This article finishes off the series examining the top 30 holdings in my public IMF portfolio that I write about monthly here at Seeking Alpha. In Part 1 and Part 2, we examined the investment rationale and my outlook for each of the top 21-30th and 11-20th largest holdings in the portfolio. Today, we look at the top 10, starting off with the portfolio's biggest REIT position.
#10 Public Storage (PSA) 2.6% of portfolio, 3% gain on cost basis
Public Storage is a big win in my book. Not for its 3% capital gain on the IMF's overall cost basis, but rather how well it has performed compared to REITs as a whole. Here is Public Storage (orange line) compared against the Vanguard Real Estate ETF (VNQ) and a host of popular-at-Seeking Alpha individual REITs since the IMF started buying Public Storage in late 2016:
As the adage goes, the first rule is to not lose money. When heading into a sharply rising interest rate environment, for example, it makes sense to pick a REIT with the least exposure to rising interest rates possible. Public Storage, as a very rare A-rated REIT, is one of the least levered players around. That means it takes less of a hit when rates rise. On top of that, Public Storage is largely funded by preferred stock rather than traditional debt.
Preferred stock is locked in at relatively low interest rates (generally around 5% for PSA) and is never callable. That means that no matter how high interest rates go, Public Storage can keep paying its 5%/year on the preferred stock and suffer no interest rate risk. This is a huge edge against self-storage peers that will have to pay higher interest rates to refinance their debt when it comes due. Combine with Public Storage's powerful brand and industry-leading scale, and the company has a massive moat. Sure, self-storage is arguably overbuilt at the moment - but that will work itself over time. With PSA's huge edge on the funding side of the equation, I'm confident that management will keep putting up superior returns for investors - just as it has done over the past 25 years.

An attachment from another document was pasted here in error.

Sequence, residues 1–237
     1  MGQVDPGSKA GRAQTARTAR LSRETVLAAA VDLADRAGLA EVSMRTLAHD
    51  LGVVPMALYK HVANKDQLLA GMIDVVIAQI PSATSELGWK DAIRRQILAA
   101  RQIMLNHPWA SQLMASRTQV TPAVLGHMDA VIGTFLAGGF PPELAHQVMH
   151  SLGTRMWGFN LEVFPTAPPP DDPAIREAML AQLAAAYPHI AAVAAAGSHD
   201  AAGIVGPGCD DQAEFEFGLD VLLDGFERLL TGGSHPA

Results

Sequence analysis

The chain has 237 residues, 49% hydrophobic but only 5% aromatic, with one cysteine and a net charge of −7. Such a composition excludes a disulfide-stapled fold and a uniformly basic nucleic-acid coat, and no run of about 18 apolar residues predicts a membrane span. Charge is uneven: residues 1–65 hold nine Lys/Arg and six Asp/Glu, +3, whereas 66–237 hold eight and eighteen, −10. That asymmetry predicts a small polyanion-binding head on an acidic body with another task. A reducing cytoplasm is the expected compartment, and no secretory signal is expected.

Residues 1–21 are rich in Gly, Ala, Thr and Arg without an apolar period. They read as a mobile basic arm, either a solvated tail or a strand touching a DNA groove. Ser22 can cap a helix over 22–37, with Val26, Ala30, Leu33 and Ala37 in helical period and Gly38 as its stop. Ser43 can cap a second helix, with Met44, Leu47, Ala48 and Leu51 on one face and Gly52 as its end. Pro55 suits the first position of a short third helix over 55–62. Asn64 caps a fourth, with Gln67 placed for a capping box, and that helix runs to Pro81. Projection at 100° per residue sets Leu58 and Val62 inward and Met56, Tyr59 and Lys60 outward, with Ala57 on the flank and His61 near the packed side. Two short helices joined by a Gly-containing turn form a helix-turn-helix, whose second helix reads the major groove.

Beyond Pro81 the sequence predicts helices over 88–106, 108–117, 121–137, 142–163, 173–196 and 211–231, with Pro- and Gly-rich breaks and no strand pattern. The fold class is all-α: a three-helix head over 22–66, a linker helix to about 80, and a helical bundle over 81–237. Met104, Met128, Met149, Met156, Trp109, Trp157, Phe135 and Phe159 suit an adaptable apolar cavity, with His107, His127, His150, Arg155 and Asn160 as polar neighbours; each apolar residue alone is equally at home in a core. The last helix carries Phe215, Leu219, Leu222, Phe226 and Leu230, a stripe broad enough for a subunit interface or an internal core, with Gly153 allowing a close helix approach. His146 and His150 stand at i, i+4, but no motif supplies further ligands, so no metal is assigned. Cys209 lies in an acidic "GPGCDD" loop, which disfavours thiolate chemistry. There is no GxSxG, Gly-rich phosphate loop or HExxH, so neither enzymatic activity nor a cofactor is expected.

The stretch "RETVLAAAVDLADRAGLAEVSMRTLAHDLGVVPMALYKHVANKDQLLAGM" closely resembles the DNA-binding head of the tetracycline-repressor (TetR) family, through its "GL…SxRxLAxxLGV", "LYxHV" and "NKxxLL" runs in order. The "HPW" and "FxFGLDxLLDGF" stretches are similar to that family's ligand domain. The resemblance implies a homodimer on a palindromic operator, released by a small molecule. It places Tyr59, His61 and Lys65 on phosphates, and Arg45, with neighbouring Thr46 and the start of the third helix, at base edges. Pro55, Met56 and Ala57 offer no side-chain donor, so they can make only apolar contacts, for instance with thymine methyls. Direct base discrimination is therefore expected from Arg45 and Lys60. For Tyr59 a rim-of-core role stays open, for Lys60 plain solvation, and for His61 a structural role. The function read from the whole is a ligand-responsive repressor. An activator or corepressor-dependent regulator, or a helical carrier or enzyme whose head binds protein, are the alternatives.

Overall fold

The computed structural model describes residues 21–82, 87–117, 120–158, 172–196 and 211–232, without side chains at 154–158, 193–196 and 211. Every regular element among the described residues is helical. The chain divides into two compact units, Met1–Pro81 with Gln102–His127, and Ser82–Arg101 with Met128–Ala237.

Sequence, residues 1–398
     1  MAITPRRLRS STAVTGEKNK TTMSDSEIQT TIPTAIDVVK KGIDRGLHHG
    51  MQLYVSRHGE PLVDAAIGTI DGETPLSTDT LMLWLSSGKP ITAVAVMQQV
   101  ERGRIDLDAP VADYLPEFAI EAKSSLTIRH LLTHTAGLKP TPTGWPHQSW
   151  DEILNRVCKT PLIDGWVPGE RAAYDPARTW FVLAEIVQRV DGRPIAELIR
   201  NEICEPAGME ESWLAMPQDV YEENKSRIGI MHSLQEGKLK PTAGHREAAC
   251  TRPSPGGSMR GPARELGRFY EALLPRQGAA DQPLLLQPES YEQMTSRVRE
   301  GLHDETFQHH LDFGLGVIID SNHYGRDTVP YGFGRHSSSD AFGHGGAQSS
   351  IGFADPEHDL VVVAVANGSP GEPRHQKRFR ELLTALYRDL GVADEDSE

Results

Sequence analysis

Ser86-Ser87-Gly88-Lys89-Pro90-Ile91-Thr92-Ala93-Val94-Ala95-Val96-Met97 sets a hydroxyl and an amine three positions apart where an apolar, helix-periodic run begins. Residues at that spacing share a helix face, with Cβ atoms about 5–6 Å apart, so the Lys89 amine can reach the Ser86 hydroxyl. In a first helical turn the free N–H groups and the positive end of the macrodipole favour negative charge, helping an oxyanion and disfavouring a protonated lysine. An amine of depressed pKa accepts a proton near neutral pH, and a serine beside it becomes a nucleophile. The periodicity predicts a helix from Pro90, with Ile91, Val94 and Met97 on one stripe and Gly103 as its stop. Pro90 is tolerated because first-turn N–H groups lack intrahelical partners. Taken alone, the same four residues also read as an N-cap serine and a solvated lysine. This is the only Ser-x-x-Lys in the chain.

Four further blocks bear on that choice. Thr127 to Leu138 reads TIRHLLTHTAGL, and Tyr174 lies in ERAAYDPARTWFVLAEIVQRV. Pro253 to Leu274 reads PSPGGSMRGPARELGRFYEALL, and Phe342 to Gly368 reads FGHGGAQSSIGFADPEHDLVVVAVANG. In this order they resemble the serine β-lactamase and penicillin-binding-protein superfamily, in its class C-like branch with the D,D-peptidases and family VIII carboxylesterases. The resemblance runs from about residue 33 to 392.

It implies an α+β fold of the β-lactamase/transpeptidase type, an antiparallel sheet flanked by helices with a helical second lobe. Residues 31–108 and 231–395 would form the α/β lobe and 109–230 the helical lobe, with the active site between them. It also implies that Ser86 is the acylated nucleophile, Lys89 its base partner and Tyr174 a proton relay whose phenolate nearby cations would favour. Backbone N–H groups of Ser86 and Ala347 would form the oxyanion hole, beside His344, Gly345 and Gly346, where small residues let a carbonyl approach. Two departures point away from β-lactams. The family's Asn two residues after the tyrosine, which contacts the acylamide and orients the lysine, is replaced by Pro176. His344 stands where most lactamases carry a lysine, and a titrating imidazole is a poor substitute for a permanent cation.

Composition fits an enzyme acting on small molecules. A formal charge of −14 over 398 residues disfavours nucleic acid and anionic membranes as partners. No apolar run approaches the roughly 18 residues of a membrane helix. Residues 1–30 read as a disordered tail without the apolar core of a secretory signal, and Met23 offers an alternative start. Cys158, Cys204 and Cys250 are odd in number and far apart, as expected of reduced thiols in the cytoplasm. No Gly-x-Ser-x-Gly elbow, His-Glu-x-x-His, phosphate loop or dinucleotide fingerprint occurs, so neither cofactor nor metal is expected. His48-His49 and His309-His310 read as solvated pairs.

#9 New York Community Bancorp (NYCB) 2.6% of portfolio, 12% loss on cost basis
I laid out the full case for NYCB stock in a recent Seeking Alpha Top Idea. See that here. The executive summary is that the bank has been limited since the financial crisis to a $50 billion loan book. Any rise in assets over that threshold would have resulted in crippling levels of new regulatory compliance costs. So NYCB just treaded water, hanging back at the $50 billion asset mark and paying out large dividends to shareholders while waiting for regulatory relief.